Date of Award:
Doctor of Philosophy (PhD)
Electrical and Computer Engineering
Microcontrollers and integrated circuits in general have become ubiquitous in the world today. All aspects of our lives depend on them from driving to work, to calling our friends, to checking our bank account balance. People who would do harm to individuals, corporations and nation states are aware of this and for that reason they seek to find or create and exploit vulnerabilities in integrated circuits. This dissertation contains three papers dealing with these types of vulnerabilities. The first paper talks about a vulnerability that was found on a microcontroller, which is a type of integrated circuit. The final two papers deal with hardware trojans. Hardware trojans are purposely added to the design of an integrated circuit in secret so that the manufacturer doesn’t know about it. They are used to damage the integrated circuit, leak confidential information, or in other ways alter the circuit. Hardware trojans are a major concern for anyone using integrated circuits because an attacker can alter a circuit in almost any way if they are successful in inserting one. A known method to prevent hardware trojan insertion is discussed and a type of circuit for which this method does not work is revealed. The discussion of hardware trojans is concluded with a new way to detect them before the integrated circuit is manufactured. Modern deep learning models are used to detect the portions of the hardware trojan called triggers that activate them.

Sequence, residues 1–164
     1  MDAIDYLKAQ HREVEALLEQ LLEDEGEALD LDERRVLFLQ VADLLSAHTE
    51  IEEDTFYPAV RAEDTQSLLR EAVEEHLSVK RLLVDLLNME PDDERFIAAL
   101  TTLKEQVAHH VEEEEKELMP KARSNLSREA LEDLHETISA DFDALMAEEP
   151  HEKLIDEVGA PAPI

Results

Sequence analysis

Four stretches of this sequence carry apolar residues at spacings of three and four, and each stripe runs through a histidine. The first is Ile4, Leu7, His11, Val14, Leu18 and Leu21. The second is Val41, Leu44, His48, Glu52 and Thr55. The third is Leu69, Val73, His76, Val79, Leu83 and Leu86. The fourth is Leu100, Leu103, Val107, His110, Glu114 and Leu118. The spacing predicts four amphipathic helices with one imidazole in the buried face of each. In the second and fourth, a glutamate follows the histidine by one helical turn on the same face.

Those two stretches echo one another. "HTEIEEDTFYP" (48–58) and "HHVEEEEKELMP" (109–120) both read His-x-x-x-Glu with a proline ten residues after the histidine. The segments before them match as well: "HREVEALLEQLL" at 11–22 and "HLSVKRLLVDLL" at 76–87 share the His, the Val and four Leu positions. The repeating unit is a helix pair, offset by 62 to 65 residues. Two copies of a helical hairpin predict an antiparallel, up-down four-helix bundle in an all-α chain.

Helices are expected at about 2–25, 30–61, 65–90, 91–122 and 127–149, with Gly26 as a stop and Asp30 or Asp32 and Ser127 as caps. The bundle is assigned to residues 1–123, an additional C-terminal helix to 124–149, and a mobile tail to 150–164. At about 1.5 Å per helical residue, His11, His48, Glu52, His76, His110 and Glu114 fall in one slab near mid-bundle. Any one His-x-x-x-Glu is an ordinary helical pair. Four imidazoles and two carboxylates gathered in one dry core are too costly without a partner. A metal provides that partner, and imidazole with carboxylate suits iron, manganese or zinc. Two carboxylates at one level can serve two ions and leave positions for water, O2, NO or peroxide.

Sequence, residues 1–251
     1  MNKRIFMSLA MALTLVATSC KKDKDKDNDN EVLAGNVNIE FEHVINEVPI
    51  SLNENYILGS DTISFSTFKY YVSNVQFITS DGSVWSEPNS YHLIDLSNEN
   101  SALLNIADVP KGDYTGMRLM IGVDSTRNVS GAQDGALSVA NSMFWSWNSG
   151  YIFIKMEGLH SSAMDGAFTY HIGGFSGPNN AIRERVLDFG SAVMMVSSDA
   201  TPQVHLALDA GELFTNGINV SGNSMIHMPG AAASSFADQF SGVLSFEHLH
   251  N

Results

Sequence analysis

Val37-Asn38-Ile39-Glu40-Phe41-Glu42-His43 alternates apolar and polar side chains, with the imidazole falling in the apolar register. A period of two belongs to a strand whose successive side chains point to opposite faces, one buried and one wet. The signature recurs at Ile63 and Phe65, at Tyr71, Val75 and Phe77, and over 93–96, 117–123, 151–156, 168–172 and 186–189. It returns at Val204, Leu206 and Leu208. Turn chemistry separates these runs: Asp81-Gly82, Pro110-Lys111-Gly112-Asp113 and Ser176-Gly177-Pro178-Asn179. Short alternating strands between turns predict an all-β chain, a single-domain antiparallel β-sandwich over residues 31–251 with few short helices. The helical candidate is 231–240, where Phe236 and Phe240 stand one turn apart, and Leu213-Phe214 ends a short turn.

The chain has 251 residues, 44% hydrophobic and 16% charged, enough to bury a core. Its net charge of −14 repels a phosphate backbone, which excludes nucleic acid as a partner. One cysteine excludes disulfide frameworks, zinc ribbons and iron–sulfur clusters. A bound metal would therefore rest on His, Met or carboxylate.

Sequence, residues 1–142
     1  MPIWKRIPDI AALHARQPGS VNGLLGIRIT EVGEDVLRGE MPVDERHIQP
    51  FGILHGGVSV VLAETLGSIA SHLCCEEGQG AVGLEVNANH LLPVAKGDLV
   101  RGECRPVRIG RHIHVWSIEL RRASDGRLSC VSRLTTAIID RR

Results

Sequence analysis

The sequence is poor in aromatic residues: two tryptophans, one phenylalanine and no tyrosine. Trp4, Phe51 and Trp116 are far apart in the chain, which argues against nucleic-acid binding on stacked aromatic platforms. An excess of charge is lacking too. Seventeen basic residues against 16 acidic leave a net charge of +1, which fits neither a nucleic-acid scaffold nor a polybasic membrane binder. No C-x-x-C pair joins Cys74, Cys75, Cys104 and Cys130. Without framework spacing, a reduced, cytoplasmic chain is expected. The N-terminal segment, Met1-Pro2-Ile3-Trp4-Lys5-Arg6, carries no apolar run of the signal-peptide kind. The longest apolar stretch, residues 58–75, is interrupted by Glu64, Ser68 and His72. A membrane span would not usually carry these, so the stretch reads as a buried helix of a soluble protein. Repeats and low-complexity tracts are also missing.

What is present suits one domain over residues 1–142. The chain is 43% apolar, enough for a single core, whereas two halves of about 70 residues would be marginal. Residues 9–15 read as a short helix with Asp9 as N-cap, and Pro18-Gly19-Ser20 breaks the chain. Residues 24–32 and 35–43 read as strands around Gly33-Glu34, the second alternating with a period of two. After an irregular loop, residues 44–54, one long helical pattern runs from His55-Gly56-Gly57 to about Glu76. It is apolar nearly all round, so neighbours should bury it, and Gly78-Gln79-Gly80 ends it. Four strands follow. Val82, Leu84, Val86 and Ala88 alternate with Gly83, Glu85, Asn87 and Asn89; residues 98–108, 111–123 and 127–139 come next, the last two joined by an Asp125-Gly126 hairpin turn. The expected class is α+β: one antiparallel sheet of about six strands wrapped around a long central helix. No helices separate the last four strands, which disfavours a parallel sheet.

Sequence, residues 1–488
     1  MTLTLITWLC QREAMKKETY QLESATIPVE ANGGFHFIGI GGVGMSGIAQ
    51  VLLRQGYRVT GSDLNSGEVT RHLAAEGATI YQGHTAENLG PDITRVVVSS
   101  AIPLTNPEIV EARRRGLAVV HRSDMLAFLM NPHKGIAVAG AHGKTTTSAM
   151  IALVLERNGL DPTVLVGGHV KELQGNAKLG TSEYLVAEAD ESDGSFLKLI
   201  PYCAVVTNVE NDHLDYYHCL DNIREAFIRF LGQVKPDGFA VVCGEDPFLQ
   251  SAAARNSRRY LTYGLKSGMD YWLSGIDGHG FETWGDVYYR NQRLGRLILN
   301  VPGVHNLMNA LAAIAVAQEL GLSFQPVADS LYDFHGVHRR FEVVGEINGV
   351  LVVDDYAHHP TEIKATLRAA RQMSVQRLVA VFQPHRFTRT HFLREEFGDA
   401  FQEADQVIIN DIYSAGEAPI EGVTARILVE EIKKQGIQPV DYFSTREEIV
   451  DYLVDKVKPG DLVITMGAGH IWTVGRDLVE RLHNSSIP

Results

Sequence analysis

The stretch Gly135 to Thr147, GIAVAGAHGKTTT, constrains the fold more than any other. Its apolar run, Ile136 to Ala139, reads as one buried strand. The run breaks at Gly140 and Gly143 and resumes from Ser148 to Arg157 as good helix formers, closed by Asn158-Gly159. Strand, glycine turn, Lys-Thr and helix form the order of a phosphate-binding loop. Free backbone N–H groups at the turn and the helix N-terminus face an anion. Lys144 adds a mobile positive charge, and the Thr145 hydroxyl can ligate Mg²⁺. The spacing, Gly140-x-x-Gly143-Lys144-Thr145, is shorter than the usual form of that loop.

Weidler, Nathanael R., "Built-In Return-Oriented Programs in Embedded Systems and Deep Learning for Hardware Trojan Detection" (2019). All Graduate Theses and Dissertations. 7620.
Copyright for this work is retained by the student. If you have any questions regarding the inclusion of this work in the Digital Commons, please email us at .